1. THE RESULT OF GRATITUDE
a. What vital expressions should repeatedly resonate in our hearts? Psalm 107:8, 15, 21, 31; John 14:1–3.
“Let it be understood that the love of God alone can keep His people true in the self-denial and self-sacrifice that they are called to endure for Christ’s sake. Repeat often the first three verses of the fourteenth chapter of John. This scripture is a panacea for trouble, disappointment, and affliction. A conviction that the hope of eternal life is sure causes the heart to overflow with gratitude and thanksgiving.”—The Paulson Collection of Ellen G. White Letters, p. 5.
b. As we give of our means to the Lord, what should we ever keep in mind? Psalm 29:1, 2.
“To give is to live. The life that will be preserved is the life that is freely given in service to God and man. Those who for Christ’s sake sacrifice their life in this world will keep it unto life eternal.”—The Desire of Ages, pp. 623, 624.
“The recording angel makes a faithful record of every offering dedicated to God and put into the treasury and also of the final result of the means thus bestowed. The eye of God takes cognizance of every farthing devoted to His cause and of the willingness or reluctance of the giver. The motive in giving is also chronicled.”—The Adventist Home, p. 368.
2. DIFFERENT THAN MIGHT BE EXPECTED
a. What principle given by Jesus is a secret to a happier life? Acts 20:35.
“The principle of worldlings is to get all they can of the perishable things of this life. Selfish love of gain is the ruling principle in their lives. But the purest joy is not found in riches nor where covetousness is always craving, but where contentment reigns and where self-sacrificing love is the ruling principle. There are thousands who are passing their lives in indulgence and whose hearts are filled with repining. They are victims of selfishness and discontent in the vain effort to satisfy their minds with indulgence. But unhappiness is stamped upon their very countenances, and behind them is a desert, because their course is not fruitful in good works.
“In proportion as the love of Christ fills our hearts and controls our lives, covetousness, selfishness, and love of ease will be overcome, and it will be our pleasure to do the will of Christ, whose servants we claim to be. Our happiness will then be proportionate to our unselfish works, prompted by the love of Christ.
“Divine wisdom has appointed, in the plan of salvation, the law of action and reaction, making the work of beneficence, in all its branches, twice blessed. He that gives to the needy blesses others, and is blessed himself in a still greater degree. God could have reached His object in saving sinners without the aid of man; but He knew that man could not be happy without acting a part in the great work in which he would be cultivating self-denial and benevolence.”—Testimonies for the Church, vol. 3, p. 382.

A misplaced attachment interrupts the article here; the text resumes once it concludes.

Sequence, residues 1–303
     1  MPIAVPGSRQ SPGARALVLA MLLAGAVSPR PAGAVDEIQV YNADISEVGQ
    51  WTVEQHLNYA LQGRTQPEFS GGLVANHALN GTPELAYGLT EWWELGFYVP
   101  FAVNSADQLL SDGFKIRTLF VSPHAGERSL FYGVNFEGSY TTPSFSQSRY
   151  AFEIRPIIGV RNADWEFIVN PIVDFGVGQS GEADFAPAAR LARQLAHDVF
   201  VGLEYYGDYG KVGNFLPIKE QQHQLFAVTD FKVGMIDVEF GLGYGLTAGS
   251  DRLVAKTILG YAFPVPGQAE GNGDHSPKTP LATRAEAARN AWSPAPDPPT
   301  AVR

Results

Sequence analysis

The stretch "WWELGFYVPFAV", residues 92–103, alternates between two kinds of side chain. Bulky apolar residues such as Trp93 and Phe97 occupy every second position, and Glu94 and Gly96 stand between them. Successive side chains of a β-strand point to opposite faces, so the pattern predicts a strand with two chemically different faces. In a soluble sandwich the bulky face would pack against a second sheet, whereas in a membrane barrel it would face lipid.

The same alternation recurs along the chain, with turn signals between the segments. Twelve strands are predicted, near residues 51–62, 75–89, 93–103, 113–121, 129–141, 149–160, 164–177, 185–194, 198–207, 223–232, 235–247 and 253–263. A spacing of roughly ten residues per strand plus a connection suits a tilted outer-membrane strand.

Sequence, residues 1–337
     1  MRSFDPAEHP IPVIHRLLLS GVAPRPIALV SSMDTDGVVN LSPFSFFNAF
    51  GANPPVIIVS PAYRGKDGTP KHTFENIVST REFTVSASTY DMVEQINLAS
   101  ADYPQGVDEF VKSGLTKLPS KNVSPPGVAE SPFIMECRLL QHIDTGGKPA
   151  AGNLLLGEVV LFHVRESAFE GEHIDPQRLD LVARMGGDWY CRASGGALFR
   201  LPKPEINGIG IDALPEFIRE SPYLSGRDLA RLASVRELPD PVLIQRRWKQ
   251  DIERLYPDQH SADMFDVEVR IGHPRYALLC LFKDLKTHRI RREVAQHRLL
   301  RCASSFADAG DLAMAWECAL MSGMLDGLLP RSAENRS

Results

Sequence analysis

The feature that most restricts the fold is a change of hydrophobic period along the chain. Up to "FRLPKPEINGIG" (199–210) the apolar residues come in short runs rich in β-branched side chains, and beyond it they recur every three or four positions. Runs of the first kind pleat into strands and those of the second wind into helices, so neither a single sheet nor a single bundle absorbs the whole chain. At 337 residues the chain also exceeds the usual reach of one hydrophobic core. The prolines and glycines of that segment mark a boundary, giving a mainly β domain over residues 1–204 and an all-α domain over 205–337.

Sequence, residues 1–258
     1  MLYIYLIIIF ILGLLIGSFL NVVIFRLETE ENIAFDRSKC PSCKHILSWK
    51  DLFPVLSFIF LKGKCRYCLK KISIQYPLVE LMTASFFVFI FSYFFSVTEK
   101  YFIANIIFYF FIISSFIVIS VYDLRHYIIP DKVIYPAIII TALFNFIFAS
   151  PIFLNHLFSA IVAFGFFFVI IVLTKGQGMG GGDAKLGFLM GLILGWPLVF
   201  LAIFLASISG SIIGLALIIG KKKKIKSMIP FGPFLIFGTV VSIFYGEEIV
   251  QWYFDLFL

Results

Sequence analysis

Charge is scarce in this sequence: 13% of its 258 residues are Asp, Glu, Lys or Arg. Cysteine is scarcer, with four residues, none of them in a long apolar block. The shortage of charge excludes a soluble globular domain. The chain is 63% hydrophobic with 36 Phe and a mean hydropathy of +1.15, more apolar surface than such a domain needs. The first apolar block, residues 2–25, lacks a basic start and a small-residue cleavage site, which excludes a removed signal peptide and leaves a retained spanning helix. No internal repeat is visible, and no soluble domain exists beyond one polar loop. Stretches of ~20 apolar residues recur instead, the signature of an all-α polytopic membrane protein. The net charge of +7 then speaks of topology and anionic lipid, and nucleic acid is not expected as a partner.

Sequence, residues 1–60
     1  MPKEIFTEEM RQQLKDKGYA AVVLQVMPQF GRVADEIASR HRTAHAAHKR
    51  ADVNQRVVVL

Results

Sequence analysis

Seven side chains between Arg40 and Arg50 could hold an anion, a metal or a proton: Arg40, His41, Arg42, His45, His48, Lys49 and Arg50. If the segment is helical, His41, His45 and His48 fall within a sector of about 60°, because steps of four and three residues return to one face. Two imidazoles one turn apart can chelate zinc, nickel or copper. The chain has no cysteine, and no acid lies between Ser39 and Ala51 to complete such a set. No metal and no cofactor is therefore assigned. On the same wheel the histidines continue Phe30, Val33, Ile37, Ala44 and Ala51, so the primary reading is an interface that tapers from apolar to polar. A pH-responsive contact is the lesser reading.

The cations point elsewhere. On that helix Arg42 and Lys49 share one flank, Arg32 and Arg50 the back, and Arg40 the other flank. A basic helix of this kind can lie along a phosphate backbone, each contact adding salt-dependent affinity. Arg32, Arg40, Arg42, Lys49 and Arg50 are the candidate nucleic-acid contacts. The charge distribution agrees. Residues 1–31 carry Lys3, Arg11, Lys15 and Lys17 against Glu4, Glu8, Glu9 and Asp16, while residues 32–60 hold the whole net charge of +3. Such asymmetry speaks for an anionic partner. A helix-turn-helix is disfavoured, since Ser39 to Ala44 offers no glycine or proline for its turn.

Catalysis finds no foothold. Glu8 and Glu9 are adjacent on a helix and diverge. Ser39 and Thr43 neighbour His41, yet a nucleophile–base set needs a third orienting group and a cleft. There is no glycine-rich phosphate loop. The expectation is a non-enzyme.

b. With what appeal does the Lord bid us align our priorities in life? Matthew 6:19, 20.
“[God] has ordained that giving should become a habit, that it may counteract the dangerous and deceitful sin of covetousness. Continual giving starves covetousness to death.”—The Adventist Home, p. 370.
“When the riches that moth devours and rust corrupts shall be swept away, Christ’s followers can rejoice in their heavenly treasure, the riches that are imperishable. . . .
“To those who have squandered His goods, Christ still gives opportunity to secure lasting riches. . . .
“Let your property go beforehand to heaven. Lay up your treasures beside the throne of God.”—Christ’s Object Lessons, pp. 374, 375.
3. A BASIC REQUIREMENT
a. What must every one of us keep in mind in the process of genuine self-denying surrender to Christ in preparation for the kingdom of Heaven? 1 Corinthians 15:31.
“The life of the apostle Paul was a constant conflict with self. He said, ‘I die daily.’ 1 Corinthians 15:31. His will and his desires every day conflicted with duty and the will of God. Instead of following inclination, he did God’s will, however crucifying to his nature.
“At the close of his life of conflict, looking back over its struggles and triumphs, he could say, ‘I have fought a good fight, I have finished my course, I have kept the faith: henceforth there is laid up for me a crown of righteousness, which the Lord, the righteous Judge, shall give me at that day.’ 2 Timothy 4:7, 8.
“The Christian life is a battle and a march. In this warfare there is no release; the effort must be continuous and persevering. It is by unceasing endeavor that we maintain the victory over the temptations of Satan. Christian integrity must be sought with resistless energy and maintained with a resolute fixedness of purpose.
“No one will be borne upward without stern, persevering effort in his own behalf. All must engage in this warfare for themselves; no one else can fight our battles. Individually we are responsible for the issues of the struggle.”—The Ministry of Healing, pp. 452, 453.
“ ‘Will ye shun the seven last plagues? Will ye go to glory and enjoy all that God has prepared for those who love Him and are willing to suffer for His sake? If so, ye must die that ye may live. Get ready, get ready, get ready. Ye must have a greater preparation than ye now have, for the day of the Lord cometh, cruel both with wrath and fierce anger, to lay the land desolate and to destroy the sinners thereof out of it. Sacrifice all to God. Lay all upon His altar—self, property, and all, a living sacrifice. It will take all to enter glory. Lay up for yourselves treasure in heaven, where no thief can approach or rust corrupt. Ye must be partakers of Christ’s sufferings here if ye would be partakers with Him of His glory hereafter.’